“This is the devolution difference, empowering people to start afresh and build a better future for themselves and their families. Our region has been a sanctuary to people seeking refuge for centuries, a legacy we’re proud to continue today. Our message is clear: the Liverpool City Region is open to all. We will give you the support you need to help you – and our area – grow.”
Rafiullah Enayet, (pictured), who came to Liverpool from Afghanistan in 2018 was quickly into the swing, celebrating an early success as his bowl rolled up close to the yellow jack.
The 22-year-old, based in Liverpool, who is currently on an IT course and plans to go to university, said he had played a similar game in his home country.
“On the first round I got close to the jack – closer than anybody else – that’s why I was celebrating,” he said.
“We used to play a game, kind of this game, in Afghanistan but they didn’t use bowls, they used sticks, but the rules… everything was the same.
“When the teacher was explaining to me it kind of reminded me of that game. This was first time I played this kind of game and it was really fun, I am going to tell my friends in Liverpool about it and we might go to play, maybe in Princes Park, near where I live.”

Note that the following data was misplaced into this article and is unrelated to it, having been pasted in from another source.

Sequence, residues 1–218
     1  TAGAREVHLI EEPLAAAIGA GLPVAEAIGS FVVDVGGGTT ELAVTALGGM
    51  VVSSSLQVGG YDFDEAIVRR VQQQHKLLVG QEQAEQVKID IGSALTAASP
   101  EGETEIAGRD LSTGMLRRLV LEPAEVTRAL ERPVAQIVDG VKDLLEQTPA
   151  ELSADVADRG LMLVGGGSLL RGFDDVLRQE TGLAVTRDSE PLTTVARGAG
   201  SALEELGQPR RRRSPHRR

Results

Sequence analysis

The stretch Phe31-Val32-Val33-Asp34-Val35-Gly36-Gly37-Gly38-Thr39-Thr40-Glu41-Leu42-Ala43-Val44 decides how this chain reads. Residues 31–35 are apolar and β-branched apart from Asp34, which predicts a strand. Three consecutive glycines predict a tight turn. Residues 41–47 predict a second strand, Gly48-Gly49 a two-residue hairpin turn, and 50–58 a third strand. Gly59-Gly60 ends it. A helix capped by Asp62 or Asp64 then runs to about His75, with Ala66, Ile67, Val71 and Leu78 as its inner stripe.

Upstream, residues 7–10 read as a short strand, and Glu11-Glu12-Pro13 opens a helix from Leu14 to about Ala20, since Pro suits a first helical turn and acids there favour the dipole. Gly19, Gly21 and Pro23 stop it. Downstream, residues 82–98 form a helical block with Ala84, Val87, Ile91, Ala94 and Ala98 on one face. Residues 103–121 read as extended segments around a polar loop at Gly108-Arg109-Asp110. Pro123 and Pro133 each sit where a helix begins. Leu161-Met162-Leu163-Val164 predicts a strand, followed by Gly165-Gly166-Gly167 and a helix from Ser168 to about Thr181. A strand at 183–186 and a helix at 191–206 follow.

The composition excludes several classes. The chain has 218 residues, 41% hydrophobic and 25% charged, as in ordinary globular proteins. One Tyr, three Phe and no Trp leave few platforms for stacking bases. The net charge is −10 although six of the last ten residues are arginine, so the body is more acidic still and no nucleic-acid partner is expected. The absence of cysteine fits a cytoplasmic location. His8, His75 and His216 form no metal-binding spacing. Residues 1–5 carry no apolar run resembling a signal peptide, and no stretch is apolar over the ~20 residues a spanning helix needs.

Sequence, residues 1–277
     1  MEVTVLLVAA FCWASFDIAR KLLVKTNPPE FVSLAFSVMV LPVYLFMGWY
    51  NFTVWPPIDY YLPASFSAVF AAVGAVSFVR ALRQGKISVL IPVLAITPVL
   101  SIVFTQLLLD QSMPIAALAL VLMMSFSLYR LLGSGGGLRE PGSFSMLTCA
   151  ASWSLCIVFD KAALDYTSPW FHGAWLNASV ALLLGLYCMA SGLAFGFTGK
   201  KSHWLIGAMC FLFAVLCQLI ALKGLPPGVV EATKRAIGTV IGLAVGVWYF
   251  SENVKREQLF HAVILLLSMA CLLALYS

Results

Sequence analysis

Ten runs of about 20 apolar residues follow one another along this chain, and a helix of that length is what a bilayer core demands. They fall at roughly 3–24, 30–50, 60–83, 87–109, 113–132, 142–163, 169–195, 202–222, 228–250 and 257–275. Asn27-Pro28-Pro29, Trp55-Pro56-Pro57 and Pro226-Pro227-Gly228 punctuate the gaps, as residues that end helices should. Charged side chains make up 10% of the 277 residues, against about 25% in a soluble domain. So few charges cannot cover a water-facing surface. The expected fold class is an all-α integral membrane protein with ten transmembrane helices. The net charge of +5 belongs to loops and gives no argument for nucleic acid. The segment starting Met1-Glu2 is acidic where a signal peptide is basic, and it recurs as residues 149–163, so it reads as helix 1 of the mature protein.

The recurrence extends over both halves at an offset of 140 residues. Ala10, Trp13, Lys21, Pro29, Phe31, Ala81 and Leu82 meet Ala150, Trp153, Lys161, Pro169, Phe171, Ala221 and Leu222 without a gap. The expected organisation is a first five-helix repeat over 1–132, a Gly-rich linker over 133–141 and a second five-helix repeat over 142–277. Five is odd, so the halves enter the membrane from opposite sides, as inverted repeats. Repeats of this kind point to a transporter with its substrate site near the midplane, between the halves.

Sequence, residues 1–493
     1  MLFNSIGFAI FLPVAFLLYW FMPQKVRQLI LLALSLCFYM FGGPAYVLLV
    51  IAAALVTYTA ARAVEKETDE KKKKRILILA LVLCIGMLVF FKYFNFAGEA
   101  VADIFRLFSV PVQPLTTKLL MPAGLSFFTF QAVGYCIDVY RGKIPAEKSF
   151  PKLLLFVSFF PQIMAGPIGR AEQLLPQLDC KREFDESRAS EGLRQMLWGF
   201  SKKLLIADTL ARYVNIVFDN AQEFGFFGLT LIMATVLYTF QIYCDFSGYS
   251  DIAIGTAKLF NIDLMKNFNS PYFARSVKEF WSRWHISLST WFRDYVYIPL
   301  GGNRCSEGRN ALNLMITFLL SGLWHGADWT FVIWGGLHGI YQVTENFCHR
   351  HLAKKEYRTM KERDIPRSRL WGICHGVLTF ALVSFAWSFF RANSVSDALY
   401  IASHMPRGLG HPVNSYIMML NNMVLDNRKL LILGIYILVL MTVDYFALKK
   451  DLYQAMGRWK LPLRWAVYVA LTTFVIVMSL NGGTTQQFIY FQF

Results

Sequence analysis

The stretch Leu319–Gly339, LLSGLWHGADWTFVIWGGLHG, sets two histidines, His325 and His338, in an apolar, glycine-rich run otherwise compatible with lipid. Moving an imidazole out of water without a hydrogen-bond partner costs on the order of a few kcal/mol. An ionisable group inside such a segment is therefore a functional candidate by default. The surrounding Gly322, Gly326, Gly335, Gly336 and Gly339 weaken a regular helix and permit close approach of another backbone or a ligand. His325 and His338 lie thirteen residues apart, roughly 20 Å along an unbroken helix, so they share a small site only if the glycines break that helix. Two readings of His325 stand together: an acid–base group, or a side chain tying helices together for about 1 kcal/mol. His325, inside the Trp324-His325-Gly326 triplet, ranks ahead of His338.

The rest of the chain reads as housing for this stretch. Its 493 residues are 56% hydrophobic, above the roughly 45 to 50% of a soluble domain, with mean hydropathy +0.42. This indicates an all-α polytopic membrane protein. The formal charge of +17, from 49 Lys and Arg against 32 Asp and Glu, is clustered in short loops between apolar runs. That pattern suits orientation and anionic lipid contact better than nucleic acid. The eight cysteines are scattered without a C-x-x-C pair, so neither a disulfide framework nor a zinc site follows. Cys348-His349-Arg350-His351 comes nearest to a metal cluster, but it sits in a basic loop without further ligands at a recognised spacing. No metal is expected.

Waad Ibrahim, 20, who moved to Birkenhead from Sudan with four sisters and two brothers, said the session was really useful in introducing her to native speakers.
“The first time I didn’t get close but the second time, the third time – I did it,” she said.
“In my class there are people from lots of different countries, none of them British or from the UK, so this is really useful for me to speak to British people or those from the UK, to improve my English.”
The session was led by Bill Dow, the development officer for Merseyside County Crown Green Bowls Association, alongside colleagues from the Bowls Development Alliance and the Crown Green Bowling Association.